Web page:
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Archive for February, 2013

In this 1946 film from celebrated director Alfred Hitchcock, Ingrid Bergman plays Alicia Huberman, the daughter of a man imprisoned for being a Nazi collaborator.  The CIA, specifically a man named Devlin (Cary Grant) recruit her to go to Rio, where a group of her father’s Nazi friends have relocated.  Devlin wants her to infiltrate and report on the group, by getting close to one of them – a man named Alex Sebastian (Claude Rains) – but the mission becomes muddled when Alice and Devlin fall for each other.

I find Hitchcock films to be a bit hit-and-miss, but I realised today that my favourite Hitchcock movies all starred Cary Grant.  I’m still trying to work out if that is coincidence or not.  In any event, I did not enjoy Notorious as much as North by Northwest or To Catch a Thief, but nonetheless, this was still a good film (actually better than I expected).

Ingrid Bergman is just beautiful as Alicia, and it is not surprising at all that two men fall in love with her.  Alicia is a girl who drinks too much and has had more than her fair share of male companions (in the original script she was a prostitute), but she still manages to garners sympathy, and I was hoping that she would make it through the film safely!  Bergman and Grant have great chemistry together, as seen in their other collaboration, Indiscreet (an altogether more light-hearted film), and they are both on top form here.  They also share a very sensual kiss, which was cleverly filmed in order to get around the Hayes Code, which stipulated that on-screen kisses must not last longer than three seconds.  In keeping with the code, the actors break off from their kiss every three seconds, and then kiss again!  The end effect is very sexy, which ironically is probably what the Hayes Code was trying to avoid.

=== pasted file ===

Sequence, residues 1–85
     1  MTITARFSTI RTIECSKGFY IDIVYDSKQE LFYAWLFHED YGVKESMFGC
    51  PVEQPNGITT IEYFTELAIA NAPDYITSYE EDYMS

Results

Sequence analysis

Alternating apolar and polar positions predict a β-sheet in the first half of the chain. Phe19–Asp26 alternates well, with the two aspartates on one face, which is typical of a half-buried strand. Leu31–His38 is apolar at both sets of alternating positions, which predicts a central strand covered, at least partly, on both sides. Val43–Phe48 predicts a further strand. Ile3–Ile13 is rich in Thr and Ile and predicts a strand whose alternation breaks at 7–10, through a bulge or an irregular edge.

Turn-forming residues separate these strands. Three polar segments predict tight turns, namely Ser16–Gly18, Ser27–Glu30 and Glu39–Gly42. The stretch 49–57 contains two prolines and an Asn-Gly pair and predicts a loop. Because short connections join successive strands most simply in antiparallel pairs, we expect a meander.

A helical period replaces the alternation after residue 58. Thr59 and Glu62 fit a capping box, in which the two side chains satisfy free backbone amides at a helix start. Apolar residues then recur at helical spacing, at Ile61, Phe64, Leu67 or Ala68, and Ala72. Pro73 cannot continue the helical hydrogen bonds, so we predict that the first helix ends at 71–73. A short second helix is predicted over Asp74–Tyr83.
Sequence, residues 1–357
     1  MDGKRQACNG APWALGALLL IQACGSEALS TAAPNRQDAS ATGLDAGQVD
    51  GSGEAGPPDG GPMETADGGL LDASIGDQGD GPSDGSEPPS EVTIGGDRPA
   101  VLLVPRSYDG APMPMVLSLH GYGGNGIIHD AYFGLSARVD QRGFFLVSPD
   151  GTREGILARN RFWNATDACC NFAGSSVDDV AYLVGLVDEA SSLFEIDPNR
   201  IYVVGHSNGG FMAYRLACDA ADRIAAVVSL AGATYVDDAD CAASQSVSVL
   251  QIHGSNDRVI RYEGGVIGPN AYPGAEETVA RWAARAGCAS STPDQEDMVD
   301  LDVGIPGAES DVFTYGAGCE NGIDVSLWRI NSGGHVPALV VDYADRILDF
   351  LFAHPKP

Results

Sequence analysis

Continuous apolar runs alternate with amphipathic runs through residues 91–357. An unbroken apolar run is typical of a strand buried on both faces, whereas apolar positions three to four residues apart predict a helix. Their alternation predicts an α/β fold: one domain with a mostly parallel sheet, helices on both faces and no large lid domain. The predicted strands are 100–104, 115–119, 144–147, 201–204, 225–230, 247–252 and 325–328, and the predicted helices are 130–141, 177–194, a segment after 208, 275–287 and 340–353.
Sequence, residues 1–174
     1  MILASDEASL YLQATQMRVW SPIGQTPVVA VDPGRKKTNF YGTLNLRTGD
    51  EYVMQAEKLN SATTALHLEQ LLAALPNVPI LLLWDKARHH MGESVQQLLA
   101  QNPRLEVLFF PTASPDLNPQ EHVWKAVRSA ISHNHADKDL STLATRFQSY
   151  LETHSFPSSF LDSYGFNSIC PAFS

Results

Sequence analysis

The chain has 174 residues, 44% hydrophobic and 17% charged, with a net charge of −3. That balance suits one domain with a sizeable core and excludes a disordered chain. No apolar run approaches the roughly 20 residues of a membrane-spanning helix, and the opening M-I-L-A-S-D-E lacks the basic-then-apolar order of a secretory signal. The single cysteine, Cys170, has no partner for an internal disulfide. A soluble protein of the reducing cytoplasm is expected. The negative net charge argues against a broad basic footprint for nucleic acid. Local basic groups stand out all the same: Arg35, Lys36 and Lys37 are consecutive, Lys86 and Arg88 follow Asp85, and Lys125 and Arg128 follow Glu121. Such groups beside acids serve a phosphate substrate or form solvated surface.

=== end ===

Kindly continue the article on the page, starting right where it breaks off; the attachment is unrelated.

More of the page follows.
The story moves along nicely, and there are no real dry or boring patches, although it is very obviously a Hitchcock film, with all his trademarks in place (such as gimmicky camera angles, which I believe can date a film somewhat).  The suitably ambiguous ending is satisfying, and while I would not rush to watch this film again, it was certainly worth seeing.  I would recommend it to fans of Grant, Bergman or Hitchcock.  The reliable Claude Rains is also worth watching as the conflicted Sebastian.

Year of release: 1946

Director: Alfred Hitchcock

Producer: Alfred Hitchcock

Writers: John Taintor Foote (story ‘The Song of the Dragon;), Ben Hecht, Alfred Hitchcock, Clifford Odets

Main cast: Cary Grant, Ingrid Bergman, Claude Rains, Leopoldine Konstantin